Houseplants are good for us

on Monday, 03 February 2020. Posted in News

The article on the BBC news site (published 28 January 2020) asks ‘are houseplants bad for us?’ We all know the opposite is true i.e. surrounding ourselves with plants has many positive benefits for our health, general wellbeing and our performance. And there are hundreds of research papers to confirm this.
 
Alocasia macrorrhizos
 
The HTA (Horticulture Trade Association) acknowledges this factor too confirming that ‘horticulture makes a significant contribution to improving air quality. Increased planting of trees and shrubs in public and private spaces, especially in towns and cities, will reduce the impact of poor air quality. In order to fulfil increased demand for UK grown plants and trees, the UK nursery production sector will require investment in infrastructure.’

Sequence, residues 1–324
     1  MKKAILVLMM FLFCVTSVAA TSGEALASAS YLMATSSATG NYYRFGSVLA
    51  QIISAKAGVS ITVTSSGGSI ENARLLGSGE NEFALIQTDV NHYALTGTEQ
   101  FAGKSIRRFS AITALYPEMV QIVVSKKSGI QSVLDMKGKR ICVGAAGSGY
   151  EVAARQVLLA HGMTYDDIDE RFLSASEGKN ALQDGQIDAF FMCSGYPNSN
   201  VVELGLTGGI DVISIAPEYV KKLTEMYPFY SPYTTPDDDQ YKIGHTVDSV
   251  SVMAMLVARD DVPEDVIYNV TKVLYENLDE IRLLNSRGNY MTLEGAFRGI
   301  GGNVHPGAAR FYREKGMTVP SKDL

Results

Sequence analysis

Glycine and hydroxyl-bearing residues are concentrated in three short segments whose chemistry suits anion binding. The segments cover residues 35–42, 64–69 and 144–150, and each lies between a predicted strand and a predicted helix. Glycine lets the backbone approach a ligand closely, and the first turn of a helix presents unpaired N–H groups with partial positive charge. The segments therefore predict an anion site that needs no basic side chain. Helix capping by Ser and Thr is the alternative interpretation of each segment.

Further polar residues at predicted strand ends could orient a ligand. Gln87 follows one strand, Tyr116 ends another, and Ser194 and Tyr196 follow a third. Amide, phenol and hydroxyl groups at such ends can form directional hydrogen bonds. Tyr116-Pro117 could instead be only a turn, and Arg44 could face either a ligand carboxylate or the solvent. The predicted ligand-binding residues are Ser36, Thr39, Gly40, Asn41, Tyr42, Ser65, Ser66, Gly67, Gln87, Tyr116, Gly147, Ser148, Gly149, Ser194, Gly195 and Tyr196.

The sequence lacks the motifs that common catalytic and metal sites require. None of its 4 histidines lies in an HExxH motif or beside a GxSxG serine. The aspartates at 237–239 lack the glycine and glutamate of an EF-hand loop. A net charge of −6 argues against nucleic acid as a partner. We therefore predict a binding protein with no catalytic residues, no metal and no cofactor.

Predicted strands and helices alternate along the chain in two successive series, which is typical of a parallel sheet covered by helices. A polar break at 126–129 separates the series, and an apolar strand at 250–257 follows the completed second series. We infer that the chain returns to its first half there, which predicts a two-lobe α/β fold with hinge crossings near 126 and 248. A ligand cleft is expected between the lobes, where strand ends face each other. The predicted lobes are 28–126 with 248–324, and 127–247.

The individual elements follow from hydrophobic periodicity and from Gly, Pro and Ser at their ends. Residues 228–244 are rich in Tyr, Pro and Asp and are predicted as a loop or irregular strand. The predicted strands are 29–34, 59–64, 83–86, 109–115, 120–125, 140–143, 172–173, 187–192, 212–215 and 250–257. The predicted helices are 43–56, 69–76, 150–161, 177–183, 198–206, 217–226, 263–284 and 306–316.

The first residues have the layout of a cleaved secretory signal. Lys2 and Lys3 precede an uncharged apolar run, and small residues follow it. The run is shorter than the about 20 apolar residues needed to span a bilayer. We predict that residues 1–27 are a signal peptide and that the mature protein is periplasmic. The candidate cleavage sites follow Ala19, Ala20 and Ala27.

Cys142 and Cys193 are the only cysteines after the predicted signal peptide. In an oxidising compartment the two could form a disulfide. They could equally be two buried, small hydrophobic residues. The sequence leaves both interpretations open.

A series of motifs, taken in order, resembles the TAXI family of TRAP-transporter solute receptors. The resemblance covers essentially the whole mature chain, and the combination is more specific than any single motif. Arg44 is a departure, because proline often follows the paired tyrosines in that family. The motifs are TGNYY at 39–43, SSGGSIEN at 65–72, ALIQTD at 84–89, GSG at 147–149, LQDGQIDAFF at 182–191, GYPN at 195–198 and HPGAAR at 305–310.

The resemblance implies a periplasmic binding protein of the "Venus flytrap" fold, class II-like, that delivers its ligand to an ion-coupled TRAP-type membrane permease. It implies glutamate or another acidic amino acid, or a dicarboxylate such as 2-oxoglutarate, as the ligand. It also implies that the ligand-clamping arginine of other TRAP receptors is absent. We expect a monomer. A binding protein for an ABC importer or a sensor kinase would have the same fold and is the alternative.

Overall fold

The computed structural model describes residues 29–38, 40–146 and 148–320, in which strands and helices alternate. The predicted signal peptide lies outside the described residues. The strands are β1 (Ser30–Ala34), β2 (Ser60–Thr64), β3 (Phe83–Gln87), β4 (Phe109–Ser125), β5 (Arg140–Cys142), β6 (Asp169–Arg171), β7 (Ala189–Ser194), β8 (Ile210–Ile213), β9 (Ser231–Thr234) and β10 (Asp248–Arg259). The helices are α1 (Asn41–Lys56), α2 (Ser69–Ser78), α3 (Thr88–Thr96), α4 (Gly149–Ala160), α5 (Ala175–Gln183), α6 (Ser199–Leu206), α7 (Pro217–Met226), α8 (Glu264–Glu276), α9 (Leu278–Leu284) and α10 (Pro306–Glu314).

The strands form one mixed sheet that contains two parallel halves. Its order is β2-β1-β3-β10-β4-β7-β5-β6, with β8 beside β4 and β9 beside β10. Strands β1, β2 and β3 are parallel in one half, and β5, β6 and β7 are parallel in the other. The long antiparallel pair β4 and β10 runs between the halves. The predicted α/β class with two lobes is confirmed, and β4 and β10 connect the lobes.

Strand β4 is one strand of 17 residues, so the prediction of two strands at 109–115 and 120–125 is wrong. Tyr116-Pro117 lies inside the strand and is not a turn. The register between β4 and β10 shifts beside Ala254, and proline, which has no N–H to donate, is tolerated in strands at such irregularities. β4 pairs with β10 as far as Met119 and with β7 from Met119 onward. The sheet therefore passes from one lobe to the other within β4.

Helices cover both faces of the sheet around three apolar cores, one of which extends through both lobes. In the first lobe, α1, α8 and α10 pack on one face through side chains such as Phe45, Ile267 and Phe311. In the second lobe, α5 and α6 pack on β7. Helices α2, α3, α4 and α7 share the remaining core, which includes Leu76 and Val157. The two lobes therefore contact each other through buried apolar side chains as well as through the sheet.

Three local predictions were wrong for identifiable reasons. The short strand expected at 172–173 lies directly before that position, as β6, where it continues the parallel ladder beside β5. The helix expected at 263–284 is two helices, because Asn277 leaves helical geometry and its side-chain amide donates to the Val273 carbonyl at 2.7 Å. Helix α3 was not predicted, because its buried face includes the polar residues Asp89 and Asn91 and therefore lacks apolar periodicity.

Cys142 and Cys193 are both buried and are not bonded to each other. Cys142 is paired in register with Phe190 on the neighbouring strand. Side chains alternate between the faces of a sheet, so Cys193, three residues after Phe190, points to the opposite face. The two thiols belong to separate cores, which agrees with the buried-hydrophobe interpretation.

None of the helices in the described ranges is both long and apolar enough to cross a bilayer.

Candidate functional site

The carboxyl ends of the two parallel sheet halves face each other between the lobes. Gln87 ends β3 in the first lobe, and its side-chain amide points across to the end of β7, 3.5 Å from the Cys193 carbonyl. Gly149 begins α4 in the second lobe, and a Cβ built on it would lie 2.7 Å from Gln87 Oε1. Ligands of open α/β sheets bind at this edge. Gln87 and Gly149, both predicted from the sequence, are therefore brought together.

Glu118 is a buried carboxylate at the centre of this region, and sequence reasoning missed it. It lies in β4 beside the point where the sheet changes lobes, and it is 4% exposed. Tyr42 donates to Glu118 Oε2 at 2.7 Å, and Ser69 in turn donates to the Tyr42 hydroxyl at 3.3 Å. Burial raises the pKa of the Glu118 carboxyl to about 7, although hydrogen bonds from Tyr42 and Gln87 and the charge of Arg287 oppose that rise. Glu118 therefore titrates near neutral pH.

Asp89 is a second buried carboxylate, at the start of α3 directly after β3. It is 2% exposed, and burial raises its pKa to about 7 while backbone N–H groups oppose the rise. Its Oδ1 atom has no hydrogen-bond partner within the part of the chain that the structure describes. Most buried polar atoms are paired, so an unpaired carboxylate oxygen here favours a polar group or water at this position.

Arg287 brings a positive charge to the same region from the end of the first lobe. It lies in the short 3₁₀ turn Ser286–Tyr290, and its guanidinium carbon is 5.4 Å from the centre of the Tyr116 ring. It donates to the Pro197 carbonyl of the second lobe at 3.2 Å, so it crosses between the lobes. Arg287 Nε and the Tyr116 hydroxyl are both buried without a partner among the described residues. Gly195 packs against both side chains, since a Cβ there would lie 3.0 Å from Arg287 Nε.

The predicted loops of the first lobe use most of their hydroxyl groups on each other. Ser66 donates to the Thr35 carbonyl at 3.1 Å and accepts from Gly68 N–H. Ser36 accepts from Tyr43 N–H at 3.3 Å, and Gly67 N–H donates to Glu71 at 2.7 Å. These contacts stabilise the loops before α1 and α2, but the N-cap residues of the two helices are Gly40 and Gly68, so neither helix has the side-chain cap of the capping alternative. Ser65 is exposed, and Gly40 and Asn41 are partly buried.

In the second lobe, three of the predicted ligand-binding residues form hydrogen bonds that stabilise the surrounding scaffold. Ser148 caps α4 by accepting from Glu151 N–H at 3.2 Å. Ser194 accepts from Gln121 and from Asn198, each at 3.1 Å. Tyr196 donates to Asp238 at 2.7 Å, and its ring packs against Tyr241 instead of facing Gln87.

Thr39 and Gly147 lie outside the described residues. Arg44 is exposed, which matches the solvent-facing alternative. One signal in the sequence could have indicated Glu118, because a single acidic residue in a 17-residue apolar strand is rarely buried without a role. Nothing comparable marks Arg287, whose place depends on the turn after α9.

Whilst the BBC article acknowledges some of the benefits of plants, it is more concerned with ‘plant miles’ and their affect on the environment. We acknowledge this but ask does one cancel out the other?
 

Kentia 3

 
With regards to making the industry more environmentally friendly, we are working with suppliers to improve recycling. Most of our members use peat free soil; some even use hydroponics – water-based grown plants.
 
Recycling remains one of the problems. Last week the government introduced its Environment Bill to Parliament. Its ambitious aim is for the UK to be net-zero by 2050 and create a greener Britain. There is some way to go within the horticultural industry to achieve this.
 
 
Black plastic plant pots and trays are not recyclable but the newly introduced taupe ones are. UK associations are working to get this fact recognised so that consumers can recycle for kerbside collections. But for businesses there is still some way to go either to switch to recyclable pots and for local authorities to collect for recycling or alternatively for suppliers to take back pots for reuse.
 
Within our industry as we said, we are discussing these options alongside packaging materials. We will be discussing this further with an industry panel at Futursescape Spring on 17 March.
 
 Spring